In Stormbringer, Elric learns that the representatives of Fate, which serve neither Chaos nor Law, recovered Mournblade from the netherworld. They present it to Elric and explain that the runeblades were designed to be wielded by those with Melnibonéan royal blood as a check against the might of the Dead Gods of Chaos. Elric gives Mournblade to his kinsman, Dyvim Slorm, and the two men become embroiled in a confrontation between the gods. Elric summons others of Stormbringer's demonic race (also in the form of swords) to fight against a number of Dukes of Hell, brought to the Young Kingdoms by Jagreen Lern, theocrat of Pan Tang.

Ultimately, Elric's reliance on Stormbringer proves his undoing: after the utter destruction of the Young Kingdoms in the battle of Law and Chaos, just as it seems that the cosmic Balance has been restored, Stormbringer kills Elric, transforms into a humanoid demon, and leaps laughing into the sky, to corrupt the newly-remade world once more. The sword-spirit says to the dying Elric, "Farewell, friend. I was a thousand times more evil than thou!"

In the book The Quest for Tanelorn, a man claims that the demon in the sword is named Shaitan – a variant of 'Satan'. In the same book it is revealed that the demon can inhabit either the black sword or the black jewel, the jewel which was once embedded in the skull of Dorian Hawkmoon. Hawkmoon was an avatar, like Elric, of the Eternal Champion.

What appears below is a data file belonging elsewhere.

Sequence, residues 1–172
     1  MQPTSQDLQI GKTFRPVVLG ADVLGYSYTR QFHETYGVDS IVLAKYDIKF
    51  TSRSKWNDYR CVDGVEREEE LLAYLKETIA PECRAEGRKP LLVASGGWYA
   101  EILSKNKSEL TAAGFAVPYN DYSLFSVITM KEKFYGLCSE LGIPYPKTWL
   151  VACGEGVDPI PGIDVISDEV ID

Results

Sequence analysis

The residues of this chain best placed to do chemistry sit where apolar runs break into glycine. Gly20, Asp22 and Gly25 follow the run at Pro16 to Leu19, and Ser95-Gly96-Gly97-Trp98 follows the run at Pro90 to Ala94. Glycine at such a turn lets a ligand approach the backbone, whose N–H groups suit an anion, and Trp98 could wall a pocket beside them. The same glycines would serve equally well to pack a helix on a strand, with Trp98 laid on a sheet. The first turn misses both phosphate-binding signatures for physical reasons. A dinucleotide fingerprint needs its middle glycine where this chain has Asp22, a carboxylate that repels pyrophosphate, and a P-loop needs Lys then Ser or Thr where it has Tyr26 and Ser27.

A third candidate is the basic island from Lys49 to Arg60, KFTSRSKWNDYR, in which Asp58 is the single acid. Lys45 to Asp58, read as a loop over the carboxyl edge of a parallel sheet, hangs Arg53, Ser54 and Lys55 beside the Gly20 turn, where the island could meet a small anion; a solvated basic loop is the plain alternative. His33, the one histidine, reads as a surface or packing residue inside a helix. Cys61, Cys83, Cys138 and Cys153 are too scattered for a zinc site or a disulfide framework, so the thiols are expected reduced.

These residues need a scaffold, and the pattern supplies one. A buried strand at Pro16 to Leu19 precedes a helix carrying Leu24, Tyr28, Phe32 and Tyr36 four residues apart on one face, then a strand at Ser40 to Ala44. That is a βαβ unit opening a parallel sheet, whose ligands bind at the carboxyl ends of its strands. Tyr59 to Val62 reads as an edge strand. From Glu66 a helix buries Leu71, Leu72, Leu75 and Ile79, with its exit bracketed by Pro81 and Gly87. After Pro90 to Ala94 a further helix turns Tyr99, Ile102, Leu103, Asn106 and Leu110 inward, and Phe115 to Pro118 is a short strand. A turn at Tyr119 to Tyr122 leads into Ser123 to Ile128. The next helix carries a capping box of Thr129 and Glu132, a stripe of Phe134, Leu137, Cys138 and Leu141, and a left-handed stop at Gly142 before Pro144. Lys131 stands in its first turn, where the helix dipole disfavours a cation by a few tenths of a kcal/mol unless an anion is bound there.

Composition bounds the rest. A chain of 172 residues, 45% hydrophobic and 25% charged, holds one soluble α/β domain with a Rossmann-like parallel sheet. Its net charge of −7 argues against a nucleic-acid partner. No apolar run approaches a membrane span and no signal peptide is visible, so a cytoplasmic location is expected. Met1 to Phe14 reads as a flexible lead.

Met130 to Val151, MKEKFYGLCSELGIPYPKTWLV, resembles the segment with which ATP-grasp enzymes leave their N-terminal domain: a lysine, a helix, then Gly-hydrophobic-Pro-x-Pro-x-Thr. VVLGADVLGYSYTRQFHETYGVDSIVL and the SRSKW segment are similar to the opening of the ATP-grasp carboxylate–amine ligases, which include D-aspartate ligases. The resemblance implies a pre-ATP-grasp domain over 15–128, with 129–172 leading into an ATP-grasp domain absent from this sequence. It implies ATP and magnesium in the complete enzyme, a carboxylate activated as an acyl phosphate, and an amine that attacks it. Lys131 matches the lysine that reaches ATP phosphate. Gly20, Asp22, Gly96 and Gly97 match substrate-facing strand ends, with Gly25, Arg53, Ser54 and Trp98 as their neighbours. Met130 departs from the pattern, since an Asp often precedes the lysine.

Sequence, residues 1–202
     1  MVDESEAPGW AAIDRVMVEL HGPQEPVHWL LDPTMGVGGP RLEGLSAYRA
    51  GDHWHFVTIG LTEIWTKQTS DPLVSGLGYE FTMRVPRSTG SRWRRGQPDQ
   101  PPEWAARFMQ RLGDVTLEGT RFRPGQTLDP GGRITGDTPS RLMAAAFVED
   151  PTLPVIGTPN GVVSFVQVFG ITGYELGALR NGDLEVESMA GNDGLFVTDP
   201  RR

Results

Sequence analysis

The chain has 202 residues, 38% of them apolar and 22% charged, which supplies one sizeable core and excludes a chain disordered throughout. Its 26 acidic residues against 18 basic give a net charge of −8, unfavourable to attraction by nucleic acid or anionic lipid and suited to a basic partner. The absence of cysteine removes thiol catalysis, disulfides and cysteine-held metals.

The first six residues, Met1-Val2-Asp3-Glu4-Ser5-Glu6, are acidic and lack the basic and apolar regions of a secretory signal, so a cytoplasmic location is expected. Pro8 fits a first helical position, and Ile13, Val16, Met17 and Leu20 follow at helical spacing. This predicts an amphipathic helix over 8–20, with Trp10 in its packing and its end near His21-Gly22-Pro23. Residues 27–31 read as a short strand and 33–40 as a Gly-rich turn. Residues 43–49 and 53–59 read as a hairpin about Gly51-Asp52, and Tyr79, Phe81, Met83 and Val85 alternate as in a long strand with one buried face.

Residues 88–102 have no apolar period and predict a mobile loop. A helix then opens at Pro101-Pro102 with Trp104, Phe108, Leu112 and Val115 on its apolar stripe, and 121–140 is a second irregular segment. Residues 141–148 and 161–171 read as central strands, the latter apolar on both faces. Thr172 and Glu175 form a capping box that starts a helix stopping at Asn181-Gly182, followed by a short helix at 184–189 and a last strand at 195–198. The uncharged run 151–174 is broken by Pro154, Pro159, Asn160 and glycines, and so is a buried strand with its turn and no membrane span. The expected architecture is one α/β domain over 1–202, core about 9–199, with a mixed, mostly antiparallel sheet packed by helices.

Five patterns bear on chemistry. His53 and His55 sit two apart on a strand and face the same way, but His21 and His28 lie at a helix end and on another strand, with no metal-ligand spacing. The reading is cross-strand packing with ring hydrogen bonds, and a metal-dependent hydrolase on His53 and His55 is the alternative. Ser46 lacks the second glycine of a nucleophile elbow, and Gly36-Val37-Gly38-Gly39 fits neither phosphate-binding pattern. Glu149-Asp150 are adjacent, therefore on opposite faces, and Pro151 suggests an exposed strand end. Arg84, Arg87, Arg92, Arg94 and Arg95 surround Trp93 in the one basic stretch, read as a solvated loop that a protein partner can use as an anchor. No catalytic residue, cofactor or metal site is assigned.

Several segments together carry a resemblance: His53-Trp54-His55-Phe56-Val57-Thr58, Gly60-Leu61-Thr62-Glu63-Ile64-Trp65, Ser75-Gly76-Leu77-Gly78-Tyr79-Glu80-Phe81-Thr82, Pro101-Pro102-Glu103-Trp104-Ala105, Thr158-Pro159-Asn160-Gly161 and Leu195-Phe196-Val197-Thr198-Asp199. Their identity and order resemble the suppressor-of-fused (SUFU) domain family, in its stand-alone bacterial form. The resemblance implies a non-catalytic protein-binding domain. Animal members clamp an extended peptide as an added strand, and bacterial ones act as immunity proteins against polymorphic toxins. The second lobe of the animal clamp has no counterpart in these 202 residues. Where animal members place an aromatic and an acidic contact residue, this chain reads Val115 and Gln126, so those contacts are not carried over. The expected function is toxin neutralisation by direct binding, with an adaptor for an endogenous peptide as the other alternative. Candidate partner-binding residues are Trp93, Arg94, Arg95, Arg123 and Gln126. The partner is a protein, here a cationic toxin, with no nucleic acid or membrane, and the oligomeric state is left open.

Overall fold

Books by Moorcock featuring Stormbringer[edit]

  • The Dreaming City (1961)
  • The Stealer of Souls (1963)
  • Stormbringer (1965)
  • The Singing Citadel (1970)
  • The Vanishing Tower (1970)[1]
  • Elric of Melniboné (1972) [2]
  • The Sailor on the Seas of Fate (1976)
  • The Weird of the White Wolf (1977)
  • The Bane of the Black Sword (1977)
  • Elric at the End of Time (1984)
  • The Fortress of the Pearl (1989)
  • The Revenge of the Rose (1991)
  • The Dreamthief's Daughter (2001)

Other media by Moorcock featuring Stormbringer[edit]

Tom Strong No. 31 and No. 32, "The Black Blade of the Barbary Coast" parts 1 & 2, feature albino pirate Captain Zodiac seeking the "Black Blade", a black cutlass marked with red runes. This appears to be a recurrence (a favoured Moorcock trope) of Elric and Stormbringer's tale. Almost all of Moorcock's stories about the Eternal Champion include a parallel or analog to Stormbringer, invariably wielded by the Champion.

In popular culture[edit]

  • The role-playing games Stormbringer (1981) and Elric! (1993) are both set in Moorcock's "multiverse".
  • Hawkwind, a band with a long association with Moorcock, released an entire album about Elric and Stormbringer, The Chronicle of the Black Sword. They have also released both a single and double live album expanding upon this work, Live Chronicles. The double live album package includes an Elric short story. The album itself contains various narrations and poems read by Moorcock.